Frederick William Gentle, C.J.
1. The petitioner is the tenant of a portion of the premises No. 10, Francis Joseph Street, George Town, Madras, of which the second respondent is the landlord and to which the Madras House Rent Control Order, 1945 (hereinafter called 'the Control Order') applied. Pursuant to the provisions of the Control Order, on 16th July, 1946 the second respondent applied for eviction of the petitioner to the Rent Controller who made an order on 15th August, directing the petitioner to vacate the premises. The petitioner appealed to the Collector of Madras against this order; the hearing before the Collector was concluded on September 30, when judgment was reserved ; on19th October, judgment was delivered upholding the order of the Controller and dismissing the appeal. On 12th November, the petitioner preferred a revision petition to the Provincial Government, under the provisions of Clause 8(2-A) of the Control Order. On 16th January, 1947, by Memorandum No. 87080-N/46-2, Development Department, the Government of Madras rejected the revision petition on the ground that no action could be taken by the Government as no revision petition lay to it after 30th September, 1946 in respect of orders passed by Rent Controllers or Collectors.
2. The Control Order was made in exercise of powers conferred by Rule 81 of the Defence of India Rules, which rules were made by the Central Government in exercise of powers conferred by Section 2(1) of the Defence of India Act, 1939. Prior to the dismissal of the petitioner's appeal to the Collector of Madras and prior to the presentation of his revision petition to the Provincial Government, the Defence of India Act expired on 30th September, 1946, consequently the Defence of India rules and the Control Order also expired. On 1st October, 1946, the Madras Buildings (Lease and Rent Control) Act, 1946, came into force ; it affords protection to tenants and prevents unreasonable eviction of them and replaces, with some changes, the expired Control Order. But the Act does not contain a provision similar to Clause 8(2-A) of the Control Order. The rejection by the. Provincial Government of the petitioner's revision petition was because the Control Order had previously expired. Clause 8(2-A) of the Control Order provides that:
The Provincial Government may call for the record of any case which has been decided by the Controller or Collector and make such order in the case as they think fit. Any such order shall be final and shall not be called in question in any Court of law.
In C.M.P. No. 1167 of 1947 the petitioner prays that a writ of certiorari be issued (a) calling for the records and papers in respect of the Development Department Memo No. 87080-N/46-2, dated 16th January, 1947 and (b) quashing the order of rejection. In C.M.P. No. 1168 of 1947 the petitioner prays that this Court may direct the appeal (? petition) be restored to the file and be dealt with according to law and upon its merits. In C. M. P. No 1169 of 1947 stay of the eviction order is sought.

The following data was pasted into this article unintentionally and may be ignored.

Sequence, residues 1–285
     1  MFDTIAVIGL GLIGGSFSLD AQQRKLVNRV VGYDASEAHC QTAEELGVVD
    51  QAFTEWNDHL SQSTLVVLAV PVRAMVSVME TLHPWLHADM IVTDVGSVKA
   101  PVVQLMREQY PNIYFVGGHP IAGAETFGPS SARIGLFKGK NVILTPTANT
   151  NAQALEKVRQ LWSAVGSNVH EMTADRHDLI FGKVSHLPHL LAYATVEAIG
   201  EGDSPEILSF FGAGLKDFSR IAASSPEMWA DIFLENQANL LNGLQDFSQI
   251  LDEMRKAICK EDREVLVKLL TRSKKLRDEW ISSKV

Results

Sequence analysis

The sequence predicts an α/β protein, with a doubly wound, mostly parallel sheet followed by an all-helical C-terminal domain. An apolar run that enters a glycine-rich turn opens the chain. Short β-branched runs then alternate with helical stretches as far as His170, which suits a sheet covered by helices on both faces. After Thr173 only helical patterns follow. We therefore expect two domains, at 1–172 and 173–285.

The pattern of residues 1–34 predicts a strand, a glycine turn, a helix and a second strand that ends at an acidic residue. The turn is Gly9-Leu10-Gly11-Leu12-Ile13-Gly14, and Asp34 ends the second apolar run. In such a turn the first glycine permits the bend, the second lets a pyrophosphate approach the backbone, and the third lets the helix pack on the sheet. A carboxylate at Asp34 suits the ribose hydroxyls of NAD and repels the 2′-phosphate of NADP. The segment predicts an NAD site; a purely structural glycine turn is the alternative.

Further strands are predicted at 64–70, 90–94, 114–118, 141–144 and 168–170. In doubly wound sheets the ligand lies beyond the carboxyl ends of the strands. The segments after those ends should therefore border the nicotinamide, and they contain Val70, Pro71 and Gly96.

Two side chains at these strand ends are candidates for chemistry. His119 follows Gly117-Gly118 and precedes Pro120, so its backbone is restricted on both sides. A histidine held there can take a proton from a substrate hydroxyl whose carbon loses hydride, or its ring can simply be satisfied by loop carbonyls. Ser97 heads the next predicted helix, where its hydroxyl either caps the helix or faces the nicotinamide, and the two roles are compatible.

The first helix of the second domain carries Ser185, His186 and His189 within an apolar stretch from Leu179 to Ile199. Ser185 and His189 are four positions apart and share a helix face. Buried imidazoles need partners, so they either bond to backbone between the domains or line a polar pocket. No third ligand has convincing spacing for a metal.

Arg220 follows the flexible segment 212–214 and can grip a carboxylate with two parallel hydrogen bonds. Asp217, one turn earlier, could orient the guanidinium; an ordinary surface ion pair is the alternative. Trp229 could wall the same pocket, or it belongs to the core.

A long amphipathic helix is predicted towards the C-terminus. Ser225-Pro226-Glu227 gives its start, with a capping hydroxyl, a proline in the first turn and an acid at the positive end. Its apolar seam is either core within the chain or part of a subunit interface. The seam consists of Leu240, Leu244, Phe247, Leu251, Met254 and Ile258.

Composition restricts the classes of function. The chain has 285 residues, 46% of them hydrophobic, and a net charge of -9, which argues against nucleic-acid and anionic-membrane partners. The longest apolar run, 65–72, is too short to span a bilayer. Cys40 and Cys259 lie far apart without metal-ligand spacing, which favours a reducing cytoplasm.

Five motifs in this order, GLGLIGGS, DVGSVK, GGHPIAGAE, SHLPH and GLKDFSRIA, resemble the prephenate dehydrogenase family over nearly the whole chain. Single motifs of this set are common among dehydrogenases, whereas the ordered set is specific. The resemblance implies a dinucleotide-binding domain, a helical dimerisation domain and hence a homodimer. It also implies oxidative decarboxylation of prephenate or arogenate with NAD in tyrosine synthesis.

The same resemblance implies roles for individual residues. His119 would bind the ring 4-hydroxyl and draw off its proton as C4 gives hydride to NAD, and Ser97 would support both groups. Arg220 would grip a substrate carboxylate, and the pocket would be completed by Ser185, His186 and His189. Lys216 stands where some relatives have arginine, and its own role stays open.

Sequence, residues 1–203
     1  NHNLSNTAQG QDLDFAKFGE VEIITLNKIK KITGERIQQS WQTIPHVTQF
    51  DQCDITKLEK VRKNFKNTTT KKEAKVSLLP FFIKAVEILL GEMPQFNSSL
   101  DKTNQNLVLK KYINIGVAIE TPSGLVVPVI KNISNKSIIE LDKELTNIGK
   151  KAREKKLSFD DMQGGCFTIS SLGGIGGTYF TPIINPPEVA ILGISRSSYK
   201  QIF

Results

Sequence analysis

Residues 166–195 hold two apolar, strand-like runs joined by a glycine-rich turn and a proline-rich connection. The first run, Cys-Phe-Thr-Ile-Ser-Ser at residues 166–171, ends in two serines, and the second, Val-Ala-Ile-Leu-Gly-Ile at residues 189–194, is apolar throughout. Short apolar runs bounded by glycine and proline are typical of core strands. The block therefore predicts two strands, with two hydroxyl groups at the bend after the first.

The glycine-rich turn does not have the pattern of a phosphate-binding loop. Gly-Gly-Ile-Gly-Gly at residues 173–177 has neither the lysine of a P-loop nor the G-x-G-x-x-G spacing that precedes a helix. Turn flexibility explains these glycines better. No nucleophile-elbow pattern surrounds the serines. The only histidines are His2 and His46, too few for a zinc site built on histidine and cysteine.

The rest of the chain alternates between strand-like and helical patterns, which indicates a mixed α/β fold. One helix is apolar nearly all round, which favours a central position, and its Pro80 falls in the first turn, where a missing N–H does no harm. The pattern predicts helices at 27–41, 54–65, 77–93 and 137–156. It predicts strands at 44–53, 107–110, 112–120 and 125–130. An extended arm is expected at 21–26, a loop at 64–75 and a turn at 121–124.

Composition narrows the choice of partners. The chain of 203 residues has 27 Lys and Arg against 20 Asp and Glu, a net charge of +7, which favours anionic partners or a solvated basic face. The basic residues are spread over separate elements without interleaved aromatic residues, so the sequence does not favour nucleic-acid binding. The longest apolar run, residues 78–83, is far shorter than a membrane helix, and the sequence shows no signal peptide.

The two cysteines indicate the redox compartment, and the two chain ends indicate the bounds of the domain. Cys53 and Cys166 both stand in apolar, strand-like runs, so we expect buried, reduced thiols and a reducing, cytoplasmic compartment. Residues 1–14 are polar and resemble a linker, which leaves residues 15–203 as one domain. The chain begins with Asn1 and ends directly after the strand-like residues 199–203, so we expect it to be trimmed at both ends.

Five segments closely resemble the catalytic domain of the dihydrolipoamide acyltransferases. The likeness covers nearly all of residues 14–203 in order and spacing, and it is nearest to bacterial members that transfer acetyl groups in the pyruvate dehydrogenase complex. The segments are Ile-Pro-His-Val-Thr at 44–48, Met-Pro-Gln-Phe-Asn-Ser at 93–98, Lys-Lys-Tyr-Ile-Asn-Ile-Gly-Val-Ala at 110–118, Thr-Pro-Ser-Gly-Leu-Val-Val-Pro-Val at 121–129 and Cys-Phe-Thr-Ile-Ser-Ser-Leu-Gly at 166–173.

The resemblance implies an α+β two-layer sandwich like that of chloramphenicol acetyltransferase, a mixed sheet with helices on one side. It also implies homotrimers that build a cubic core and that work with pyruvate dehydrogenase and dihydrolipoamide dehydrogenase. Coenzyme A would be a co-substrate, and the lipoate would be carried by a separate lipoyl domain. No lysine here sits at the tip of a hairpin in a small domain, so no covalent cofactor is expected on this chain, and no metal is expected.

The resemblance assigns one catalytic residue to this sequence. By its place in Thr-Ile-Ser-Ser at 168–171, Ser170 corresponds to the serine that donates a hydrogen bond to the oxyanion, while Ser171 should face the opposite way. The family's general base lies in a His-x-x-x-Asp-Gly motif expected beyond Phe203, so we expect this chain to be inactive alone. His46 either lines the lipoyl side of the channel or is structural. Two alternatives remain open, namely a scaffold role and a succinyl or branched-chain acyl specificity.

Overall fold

3. In the original applications orders were sought against the Secretary to Government, Development Department, but, since, under Clause 8(2-A) the Provincial Government itself is the reviewing authority and not a Secretary to Government or any other official, rules nisi were directed to issue to the Provincial Government, as the Province of Madras, the first respondent in C.M.P. Nos. 1167 and 1168 of 1947. An interim stay was directed in C.M.P. No. 1169 of 1947 pending the hearing of the other two applications. Notice was also directed to the landlord, the second respondent. Both respondents have appeared to show cause against the rules being made absolute.
4. At the outset, objection was taken by the learned Advocate-General, on behalf of the Provincial Government, to an order for a writ of certiorari in C.M.P. No. 1167 and to an order in C.M.P. No. 1168 directing the hearing and determination of the revision petition on the ground that no such orders can be made against a Provincial Government as such proceedings do not lie against the Government. Mr. Subba Rao, for the second respondent supported the Advocate-General's objection.
5. The objection to the issue of a writ of certiorari is based upon Sub-section (1) of Section 306 of the Government of India Act, 1935, which provides that:
No proceedings whatsoever shall lie in and no process whatsoever shall issue from, any Court in India...against the Governor of a Province...whether in a personal capacity or otherwise...
Provided that nothing in this section shall be construed as restricting the right of any person to bring against...a Province...such proceedings as are mentioned in Chapter III of Part VII of this Act.
By Section 49(1) of the Constitution Act the executive authority of a Province is exercised on behalf of His Majesty by the Governor and by Section 59(1) all executive action by the Government of a Province shall be expressed to be taken in the name of the Governor. There cannot be Government of a Province without a Governor or without a Governor's participation. The protection from proceedings and processes whatsoever in favour of a Governor of a Province is with respect to his personal capacity or otherwise. ' Or otherwise ' means in a capacity other than personal. A Governor's concern with and participation in the Government of the Province is not in a personal capacity but in some other capacity. Is that capacity included in the words 'or otherwise' in Section 306(1)
6. A thing done by the Government of a Province involves participation in it by the Governor ; without the Governor being party to the act, nothing can be done by the Government. Since the Provincial Government cannot do a thing unless there is participation in it by a Governor, the Governor must be deemed to be included in proceedings or process against the Provincial Government with respect to the doing of an act by that Government. If such proceedings or process lie, then the protection given to a Governor by Section 306 (1) is not absolute but is only a limited protection.
7. Section 306(1) of the Constitution Act replaces section no (1) of the Government of India Act, 1915. The latter sub-section provided, so far as material, that:
The Governor General, each Governor...and each of the members of their respective Executive Councils, and a minister appointed under this Act, shall not--(a) be subject to the original jurisdiction of any High Court by reason of anything counselled, ordered or done by any of them in his public capacity only;...